Review: ‘La Cage aux Folles’ Brightens Up Berlin
BERLIN — In Jerry Herman and Harvey Fierstein’s “La Cage aux Folles,” the habitués of the show’s titular nightclub are enumerated as a “girl who needs a shave,” “both the riffraff and the royalty,” “eccentric couples” and “a nun with a Marine.” That description seemed to fit the fashionable and eclectic opening night audience of the Komische Oper Berlin’s new production of the Tony Award-winning 1983 musical.
Barrie Kosky’s decade-long reign running the Komische, one of this city’s three world-class opera companies, was a near breathless succession of musical and theatrical high jinks. When Kosky stepped down from his role as the Komische’s artistic director over the summer, his parting gift to the house was a glitzy and unexpectedly moving Yiddish revue. “La Cage,” Kosky’s first production as guest director, premiered on Saturday night and remains in repertory through June 9.
Although Kosky has already directed several musicals at the house, this production did mark something of a departure for the company. The “La Cage” score is on the weaker end of the house’s musical theater repertory, which includes “Kiss Me, Kate,” “West Side Story” and “Fiddler on the Roof.” Even so, it was a thrill to hear Herman’s old-fashioned Broadway songs, tunes that swing between razzle-dazzle and sentimentality, performed by a full orchestra. (The most recent Broadway revival of “La Cage,” from 2010, was rescored for eight musicians.) The chameleon-like Orchestra of the Komische Oper Berlin (the same week as the “La Cage” premiere they also performed works by Mozart, Dvorak and Prokofiev) played with polish and panache for the conductor Koen Schoots.
Herman and Fierstein’s musical is based on Jean Poiret’s 1973 farce about a gay owner of a nightclub and his lover, a drag queen and the revue’s star, whose (heterosexual) son brings his fiancée’s ultraconservative parents for dinner. The production has incredible staying power. Even if the musical no longer feels as revolutionary as it did when it was first performed nearly 40 years ago — the original production is widely considered a milestone in gay theater history — the show’s premise, the vivid characters and the infectious melodies are remarkably durable, or, at least, proved so in Kosky’s madcap production.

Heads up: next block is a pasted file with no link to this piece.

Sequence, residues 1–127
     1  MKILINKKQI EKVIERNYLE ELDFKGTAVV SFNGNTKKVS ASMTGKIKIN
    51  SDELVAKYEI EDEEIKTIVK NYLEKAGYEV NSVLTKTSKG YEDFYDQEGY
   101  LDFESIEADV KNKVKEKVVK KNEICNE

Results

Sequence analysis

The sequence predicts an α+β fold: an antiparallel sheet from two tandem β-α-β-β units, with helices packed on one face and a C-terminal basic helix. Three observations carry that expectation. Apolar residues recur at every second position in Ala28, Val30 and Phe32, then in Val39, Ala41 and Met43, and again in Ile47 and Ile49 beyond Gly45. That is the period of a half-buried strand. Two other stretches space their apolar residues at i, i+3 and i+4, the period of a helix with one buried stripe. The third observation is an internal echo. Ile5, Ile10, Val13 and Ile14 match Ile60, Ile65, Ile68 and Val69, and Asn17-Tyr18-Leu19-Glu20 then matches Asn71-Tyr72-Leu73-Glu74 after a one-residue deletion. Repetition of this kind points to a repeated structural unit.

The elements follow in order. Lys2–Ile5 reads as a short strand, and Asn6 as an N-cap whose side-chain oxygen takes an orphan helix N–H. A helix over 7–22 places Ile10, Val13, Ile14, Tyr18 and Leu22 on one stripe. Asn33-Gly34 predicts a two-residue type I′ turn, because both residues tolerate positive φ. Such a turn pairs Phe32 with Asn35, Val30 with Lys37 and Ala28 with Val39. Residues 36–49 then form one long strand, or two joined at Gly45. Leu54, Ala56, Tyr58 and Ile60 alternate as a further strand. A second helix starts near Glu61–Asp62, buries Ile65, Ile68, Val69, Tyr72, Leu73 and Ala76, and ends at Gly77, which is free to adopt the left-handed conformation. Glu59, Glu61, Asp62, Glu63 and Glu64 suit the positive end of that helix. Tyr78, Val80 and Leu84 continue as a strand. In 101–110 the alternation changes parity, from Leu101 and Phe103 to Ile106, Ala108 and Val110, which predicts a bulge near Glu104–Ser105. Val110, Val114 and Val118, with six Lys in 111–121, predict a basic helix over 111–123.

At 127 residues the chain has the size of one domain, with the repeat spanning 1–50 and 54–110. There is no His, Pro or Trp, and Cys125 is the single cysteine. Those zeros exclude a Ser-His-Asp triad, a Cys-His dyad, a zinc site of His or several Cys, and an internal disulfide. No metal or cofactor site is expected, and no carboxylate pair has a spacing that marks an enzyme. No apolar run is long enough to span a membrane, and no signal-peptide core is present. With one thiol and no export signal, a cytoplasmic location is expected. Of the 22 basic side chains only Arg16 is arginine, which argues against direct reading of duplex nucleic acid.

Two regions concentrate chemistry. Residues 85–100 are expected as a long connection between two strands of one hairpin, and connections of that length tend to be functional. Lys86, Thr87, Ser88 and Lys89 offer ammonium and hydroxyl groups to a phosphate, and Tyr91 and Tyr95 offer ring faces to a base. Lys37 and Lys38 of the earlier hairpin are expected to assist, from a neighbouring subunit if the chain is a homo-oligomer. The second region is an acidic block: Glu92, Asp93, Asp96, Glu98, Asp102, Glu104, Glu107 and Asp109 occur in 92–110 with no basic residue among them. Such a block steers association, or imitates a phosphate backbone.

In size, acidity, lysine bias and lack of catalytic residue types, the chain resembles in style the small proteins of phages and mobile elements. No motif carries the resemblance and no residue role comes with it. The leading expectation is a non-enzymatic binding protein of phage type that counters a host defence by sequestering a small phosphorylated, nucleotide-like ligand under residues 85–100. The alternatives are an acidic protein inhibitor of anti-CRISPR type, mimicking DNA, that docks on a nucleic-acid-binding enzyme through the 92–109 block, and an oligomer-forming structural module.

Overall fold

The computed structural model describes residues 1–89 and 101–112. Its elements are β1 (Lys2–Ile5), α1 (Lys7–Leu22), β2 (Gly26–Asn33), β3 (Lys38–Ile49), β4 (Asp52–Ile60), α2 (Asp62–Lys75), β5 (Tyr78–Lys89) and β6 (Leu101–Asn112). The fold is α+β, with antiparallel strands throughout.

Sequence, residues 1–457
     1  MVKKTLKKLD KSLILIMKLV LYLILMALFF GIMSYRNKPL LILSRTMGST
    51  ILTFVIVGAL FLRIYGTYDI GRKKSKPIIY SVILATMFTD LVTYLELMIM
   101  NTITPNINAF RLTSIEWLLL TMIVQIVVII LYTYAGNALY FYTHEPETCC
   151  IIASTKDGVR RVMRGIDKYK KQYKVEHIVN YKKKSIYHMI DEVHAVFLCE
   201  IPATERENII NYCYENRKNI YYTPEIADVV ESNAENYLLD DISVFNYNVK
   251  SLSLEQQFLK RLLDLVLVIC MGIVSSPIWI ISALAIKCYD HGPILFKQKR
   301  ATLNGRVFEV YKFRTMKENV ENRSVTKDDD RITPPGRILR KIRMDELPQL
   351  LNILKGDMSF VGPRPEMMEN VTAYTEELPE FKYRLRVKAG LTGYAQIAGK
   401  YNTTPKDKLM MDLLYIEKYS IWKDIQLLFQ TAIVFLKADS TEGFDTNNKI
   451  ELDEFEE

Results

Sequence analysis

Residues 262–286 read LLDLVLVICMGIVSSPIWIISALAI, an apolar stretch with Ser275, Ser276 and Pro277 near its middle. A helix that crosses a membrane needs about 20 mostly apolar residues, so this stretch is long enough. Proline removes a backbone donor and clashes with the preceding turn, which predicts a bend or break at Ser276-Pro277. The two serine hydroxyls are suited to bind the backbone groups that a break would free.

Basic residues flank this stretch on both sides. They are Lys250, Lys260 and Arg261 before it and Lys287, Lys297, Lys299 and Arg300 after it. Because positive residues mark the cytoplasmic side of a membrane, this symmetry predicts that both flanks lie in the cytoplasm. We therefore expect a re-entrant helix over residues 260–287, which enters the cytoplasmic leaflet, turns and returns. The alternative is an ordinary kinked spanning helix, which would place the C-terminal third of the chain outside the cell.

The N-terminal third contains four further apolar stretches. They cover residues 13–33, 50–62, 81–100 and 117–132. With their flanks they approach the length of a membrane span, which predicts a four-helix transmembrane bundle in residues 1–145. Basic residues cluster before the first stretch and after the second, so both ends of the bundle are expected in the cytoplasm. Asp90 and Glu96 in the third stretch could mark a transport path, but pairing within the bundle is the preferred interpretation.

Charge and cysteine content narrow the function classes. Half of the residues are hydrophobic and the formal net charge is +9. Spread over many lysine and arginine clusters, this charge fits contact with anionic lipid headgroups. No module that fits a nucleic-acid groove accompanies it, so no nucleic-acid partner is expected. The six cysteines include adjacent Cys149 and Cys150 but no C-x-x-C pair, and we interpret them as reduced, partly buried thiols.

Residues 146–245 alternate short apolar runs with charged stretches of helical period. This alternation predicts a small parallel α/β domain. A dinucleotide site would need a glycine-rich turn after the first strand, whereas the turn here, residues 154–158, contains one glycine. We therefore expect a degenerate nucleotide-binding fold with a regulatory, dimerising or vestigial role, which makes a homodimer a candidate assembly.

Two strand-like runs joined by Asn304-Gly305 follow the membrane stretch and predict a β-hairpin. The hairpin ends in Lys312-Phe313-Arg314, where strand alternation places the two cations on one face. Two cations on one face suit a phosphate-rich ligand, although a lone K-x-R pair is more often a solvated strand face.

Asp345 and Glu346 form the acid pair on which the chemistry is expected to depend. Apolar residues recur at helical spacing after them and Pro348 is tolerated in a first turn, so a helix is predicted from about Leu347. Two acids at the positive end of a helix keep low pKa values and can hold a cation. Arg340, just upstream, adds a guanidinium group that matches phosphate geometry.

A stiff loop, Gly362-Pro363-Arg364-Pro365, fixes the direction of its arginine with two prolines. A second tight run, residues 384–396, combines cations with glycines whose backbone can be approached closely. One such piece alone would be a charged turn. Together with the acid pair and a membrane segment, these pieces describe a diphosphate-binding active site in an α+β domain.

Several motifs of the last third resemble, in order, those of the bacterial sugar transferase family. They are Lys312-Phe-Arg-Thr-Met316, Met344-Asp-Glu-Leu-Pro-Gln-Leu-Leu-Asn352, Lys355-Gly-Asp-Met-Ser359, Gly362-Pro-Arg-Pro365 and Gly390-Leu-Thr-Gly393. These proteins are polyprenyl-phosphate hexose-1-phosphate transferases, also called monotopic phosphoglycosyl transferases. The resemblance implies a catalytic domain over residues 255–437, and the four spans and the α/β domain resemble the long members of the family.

This energetically choreographed, outrageously costumed and boldly designed staging gave full evidence of Kosky’s shrewd theatrical instincts. One of the first things we see onstage, during the overture, are a number of large silver cages occupied with extras decked-out in colorful plumes and wearing bird masks. The 13-strong “Cagelles,” as the nightclub dancers are called, spend most of the evening energetically twirling, tapping, can-canning and step-dancing clad in pink feathers, fake gold brocade, lace stockings or sparkly underwear. (I’d like to petition the Tonys to consider the choreographer Otto Pichler, assisted here by Maria Souza, and the costume designer Klaus Bruns as overseas awards candidates.)
In contrast to the plumage on display, Rufus Didwiszus’ sets are comparatively simple, even minimal at times, with one notable exception: the gay couple’s apartment. The flamboyant room boasts a sexually explicit illustration by Tom of Finland, large white porcelain vases and couches that are shaped like male genitalia. In addition, there’s an outdoor bistro under a starry set and a series of eclectic curtains with large, neon images of hummingbirds, flamingos and cockatoos that provide trippy backdrops to the kinetic dance numbers.
But “La Cage” requires more than theatrical pizazz. For the piece to work, the camp needs to be counterbalanced by heart, and the cast Kosky has assembled bring both to the stage. The Swiss actor Stefan Kurt, best-known here for his work with Robert Wilson, was captivating as Albin, the drag queen who performs as Zaza. Kurt played him with a touch of Quentin Crisp and a dash of Norma Desmond, but made the role his own by refusing to copy what other actors have done with it. Kurt is not a classical trained singer, and his vocal performance was not as polished as many of the others. But his mix of elegant wit, dramatic flair and emotional vulnerability was never less than captivating.
Peter Renz, a former tenor engaged at the Komische, returned to play the dilemma-stricken Georges, the nightclub owner whose loyalty is divided between his lover and his son. He sang with warmth and beauty and acted with the brittle sang-froid of someone trying to maintain sanity in a madhouse. As the couple’s assistant, Jacob, Daniel Daniela Yrureta Ojeda, a Venezuelan dancer who has appeared here in several other Kosky productions, brought impressive physical antics and impeccable comic timing to a wonderfully scene-chewing role. Nicky Wuchinger was comparatively stiff as Georges’ son Jean-Michel, a fairly colorless role, although he crooned and harmonized well with Maria-Danaé Bansen, another young Berliner who lithely danced her way through the production as his fiancée Anne.
Helmut Baumann, a local musical theater legend who originated the role of Zaza in “La Cage’s” German premiere in 1985, was cast here as the restaurateur Jacqueline. His entrance won applause from the opening night crowd, which was one of many times throughout the evening that the performance was punctuated by the audience’s vocal enthusiasm. One couldn’t really blame them. With this production, Kosky has turned his former opera house into an inviting place to perch for an evening. It’s the giddiest, most thrilling, most fabulous show in town.
La Cage aux Folles
Through June 9. Komische Oper Berlin; komische-oper-berlin.de.